In the former lead mining areas of Derbyshire’s Peak District, there’s a disappearing river too. But there’s also a sense of mystery about its strange behaviour. One of the Key Stage 2 activities that the Lathkill Education Service attached to the Lathkill Dale National Nature Reserve runs for local schools is ‘why the river disappears – solve the mystery of the disappearing River Lathkill through this investigation of the geology and wildlife of the area’ [1] (‘kill’, incidentally, means ‘creek’, ‘stream’ or ‘channel’ in old Middle Dutch, and was a name attached in the seventeenth century to creeks and streams across what became the northeastern United States – as in Kill Van Kull, Bronx Kill and Schuylkill River). Natural England, which manages the Lathkill Dale reserve – one of five reserves that make up the Derbyshire Dales National Nature Reserve – also refers to the Lathkill’s ‘vanishing act’. As Natural England proceeds to explain, the upper river’s disappearance is part of the legacy of the two lead mines (established in 1740 and 1797 respectively) that operated in Lathkill Dale until the mid-nineteenth century: ‘the soughs are responsible for causing the river to dry out today’ [2]. ‘Where has the river gone? is also the question posed on the interpretative board that Natural England has erected at the bottom of the ladder that leads to the mine shaft under Bateman’s House (an engine house converted into a dwelling for the mine agent and his family, though empty since the 1840s).

signage Bateman’s House

‘Where has the river gone?, interpretative signage, Bateman’s House (photo: Peter Coates)

Who (or what) has been messing about with the Lathkill? Our project team meeting in Derbyshire in early October provided the opportunity to find out. Our schedule included a field trip to Lathkill Dale, one of the key sites for Carry’s and Georgina’s study of the area’s soughs – underground channels forged to drain water from the area’s lead mines. Our walk began down in the dale at a point where our guide, John Barnatt, an archaeologist with the Peak District National Park Authority, could stand with his back to the (at the time) water-less Lathkill River, whose peculiar annual lifecycle we now began to piece together.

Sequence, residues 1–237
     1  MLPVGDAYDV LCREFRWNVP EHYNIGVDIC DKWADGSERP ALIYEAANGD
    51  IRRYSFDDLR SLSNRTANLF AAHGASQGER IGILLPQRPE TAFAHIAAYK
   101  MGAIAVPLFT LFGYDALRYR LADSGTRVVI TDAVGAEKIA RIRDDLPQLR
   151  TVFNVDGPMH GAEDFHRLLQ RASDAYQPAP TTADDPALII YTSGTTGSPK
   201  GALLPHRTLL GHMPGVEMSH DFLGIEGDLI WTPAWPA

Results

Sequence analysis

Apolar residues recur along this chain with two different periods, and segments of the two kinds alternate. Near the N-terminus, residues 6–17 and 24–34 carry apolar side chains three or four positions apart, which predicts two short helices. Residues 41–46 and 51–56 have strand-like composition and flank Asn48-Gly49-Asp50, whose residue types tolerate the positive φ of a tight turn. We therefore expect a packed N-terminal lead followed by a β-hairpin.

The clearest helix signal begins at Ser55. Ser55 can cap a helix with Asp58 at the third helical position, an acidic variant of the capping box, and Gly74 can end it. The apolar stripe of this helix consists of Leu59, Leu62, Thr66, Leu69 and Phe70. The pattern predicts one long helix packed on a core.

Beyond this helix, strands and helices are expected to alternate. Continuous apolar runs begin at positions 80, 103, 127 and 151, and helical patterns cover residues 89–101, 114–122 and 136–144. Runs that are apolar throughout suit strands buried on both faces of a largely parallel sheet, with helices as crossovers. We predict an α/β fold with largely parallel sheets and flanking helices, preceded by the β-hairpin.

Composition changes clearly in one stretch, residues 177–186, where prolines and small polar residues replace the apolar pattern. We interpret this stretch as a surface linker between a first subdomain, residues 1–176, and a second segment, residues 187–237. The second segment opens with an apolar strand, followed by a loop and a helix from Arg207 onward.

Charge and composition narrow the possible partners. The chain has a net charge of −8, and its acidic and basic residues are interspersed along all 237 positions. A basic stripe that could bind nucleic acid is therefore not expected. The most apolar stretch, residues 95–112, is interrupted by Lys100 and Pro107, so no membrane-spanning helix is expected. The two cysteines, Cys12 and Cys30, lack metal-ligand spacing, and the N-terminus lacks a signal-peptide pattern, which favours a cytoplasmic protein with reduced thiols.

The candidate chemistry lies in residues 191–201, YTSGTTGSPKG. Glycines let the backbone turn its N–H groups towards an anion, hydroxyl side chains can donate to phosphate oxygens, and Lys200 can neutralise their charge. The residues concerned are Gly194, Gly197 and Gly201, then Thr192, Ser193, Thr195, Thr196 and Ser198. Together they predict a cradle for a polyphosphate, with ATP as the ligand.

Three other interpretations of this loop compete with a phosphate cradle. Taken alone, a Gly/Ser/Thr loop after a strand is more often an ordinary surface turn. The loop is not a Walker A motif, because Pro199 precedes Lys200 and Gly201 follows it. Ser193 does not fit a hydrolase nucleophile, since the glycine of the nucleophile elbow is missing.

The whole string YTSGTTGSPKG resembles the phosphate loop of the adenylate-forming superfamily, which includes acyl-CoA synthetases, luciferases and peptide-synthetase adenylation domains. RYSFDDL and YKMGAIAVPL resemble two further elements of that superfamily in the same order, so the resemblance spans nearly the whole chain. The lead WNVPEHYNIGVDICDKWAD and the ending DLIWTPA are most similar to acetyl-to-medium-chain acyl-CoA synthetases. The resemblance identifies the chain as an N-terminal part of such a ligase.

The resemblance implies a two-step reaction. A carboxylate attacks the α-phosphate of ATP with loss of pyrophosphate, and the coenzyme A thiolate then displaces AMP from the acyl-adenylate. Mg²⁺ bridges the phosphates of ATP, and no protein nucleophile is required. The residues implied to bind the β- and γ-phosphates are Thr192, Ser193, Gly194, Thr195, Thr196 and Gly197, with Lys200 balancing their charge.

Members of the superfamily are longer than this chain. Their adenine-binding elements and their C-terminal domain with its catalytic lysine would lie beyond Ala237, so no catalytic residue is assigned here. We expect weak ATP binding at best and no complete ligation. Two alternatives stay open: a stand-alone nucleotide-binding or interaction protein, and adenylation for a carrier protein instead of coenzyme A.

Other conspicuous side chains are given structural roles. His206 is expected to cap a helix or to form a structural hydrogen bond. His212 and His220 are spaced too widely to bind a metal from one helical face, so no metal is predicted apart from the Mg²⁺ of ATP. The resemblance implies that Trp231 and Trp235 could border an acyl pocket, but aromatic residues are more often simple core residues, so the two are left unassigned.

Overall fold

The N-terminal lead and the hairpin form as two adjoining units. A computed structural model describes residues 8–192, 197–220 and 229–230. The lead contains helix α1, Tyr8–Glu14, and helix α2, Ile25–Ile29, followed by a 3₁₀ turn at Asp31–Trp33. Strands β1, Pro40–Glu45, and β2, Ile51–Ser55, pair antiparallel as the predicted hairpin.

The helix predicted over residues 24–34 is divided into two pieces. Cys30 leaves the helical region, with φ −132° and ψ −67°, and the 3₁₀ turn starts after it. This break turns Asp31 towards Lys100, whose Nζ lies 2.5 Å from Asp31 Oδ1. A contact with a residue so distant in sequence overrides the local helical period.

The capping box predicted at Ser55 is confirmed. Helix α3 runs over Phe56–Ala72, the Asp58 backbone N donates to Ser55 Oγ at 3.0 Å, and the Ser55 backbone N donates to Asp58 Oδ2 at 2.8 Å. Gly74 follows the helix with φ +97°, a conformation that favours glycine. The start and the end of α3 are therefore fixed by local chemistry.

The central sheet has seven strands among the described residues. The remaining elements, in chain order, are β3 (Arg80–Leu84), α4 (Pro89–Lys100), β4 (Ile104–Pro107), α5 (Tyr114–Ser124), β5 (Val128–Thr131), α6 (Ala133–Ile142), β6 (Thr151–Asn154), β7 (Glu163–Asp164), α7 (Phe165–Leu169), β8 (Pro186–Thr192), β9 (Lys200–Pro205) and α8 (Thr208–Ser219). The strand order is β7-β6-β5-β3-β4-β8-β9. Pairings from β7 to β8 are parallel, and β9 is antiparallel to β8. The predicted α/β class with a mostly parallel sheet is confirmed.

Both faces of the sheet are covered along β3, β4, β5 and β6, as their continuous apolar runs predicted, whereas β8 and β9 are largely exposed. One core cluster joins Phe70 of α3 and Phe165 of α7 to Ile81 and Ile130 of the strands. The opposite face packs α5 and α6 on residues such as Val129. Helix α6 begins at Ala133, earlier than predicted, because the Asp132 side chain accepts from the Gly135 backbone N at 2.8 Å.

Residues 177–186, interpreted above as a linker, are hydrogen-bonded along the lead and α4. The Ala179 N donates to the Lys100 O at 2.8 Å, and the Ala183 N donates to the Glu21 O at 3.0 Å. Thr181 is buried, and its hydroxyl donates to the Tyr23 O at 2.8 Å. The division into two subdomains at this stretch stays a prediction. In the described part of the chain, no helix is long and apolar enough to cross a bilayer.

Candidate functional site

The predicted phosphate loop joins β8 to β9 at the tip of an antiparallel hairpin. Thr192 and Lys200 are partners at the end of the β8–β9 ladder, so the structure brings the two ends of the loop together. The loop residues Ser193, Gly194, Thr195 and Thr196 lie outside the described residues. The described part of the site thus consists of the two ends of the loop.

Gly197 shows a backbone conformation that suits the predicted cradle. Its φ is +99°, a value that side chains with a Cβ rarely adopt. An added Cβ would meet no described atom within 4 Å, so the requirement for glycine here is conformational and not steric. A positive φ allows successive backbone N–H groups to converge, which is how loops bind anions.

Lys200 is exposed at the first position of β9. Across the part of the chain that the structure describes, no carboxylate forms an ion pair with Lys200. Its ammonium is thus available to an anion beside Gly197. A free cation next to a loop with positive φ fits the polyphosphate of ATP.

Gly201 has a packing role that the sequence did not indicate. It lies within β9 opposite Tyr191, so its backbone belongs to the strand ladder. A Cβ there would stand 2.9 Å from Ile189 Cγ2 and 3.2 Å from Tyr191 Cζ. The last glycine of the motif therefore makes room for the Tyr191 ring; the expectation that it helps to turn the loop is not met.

Field trip

John Barnatt of the Peak District National Park Authority, with his colleague, Sarah Whitelaw (in red), and members of the project team, including (to Sarah’s immediate right) sough investigators Georgina Endfield and Carry van Lieshout (Photo: Peter Coates)

The Lathkill River is not exactly unique, though. It’s normal for streams running through limestone strata riddled with a network of natural caves to flow underground in summer or periods of drought when water levels are low. But this seasonal tendency is accentuated by the construction of soughs that lowered the water table and created a network of diversionary channels that can capture river water.

For some, the river’s seasonal disappearance is a problem to be resolved. (This interest group includes anglers: the Lathkill brown trout is a renowned quarry that merits inclusion in James Prosek’s definitive compendium, Trout of the World [2003], in which Prosek quotes the comment [1653] of a friend of Izaak Walton, James Cotton, that the Lathkill ‘breeds the reddest and the best Trouts in England’ [3].) Because of what Natural England refers to on its Bateman’s House signage as the ‘dramatic’ impact on the river and its wildlife, the managing agency is ‘currently exploring means of sealing the riverbed’ so that the water does not drain off into Magpie Sough. Whether this waterproofing remedy will be sufficient in itself to restore a perennial flow to the Lathkill is now increasingly debated, however. Since some of the river’s water travels through Magpie Sough, plans now focus on the establishment of some sort of blockage in the sough in addition to sealing the riverbed – and this blocking proposal is a major source of controversy (many thanks, Carry, for bringing this latest development to my attention).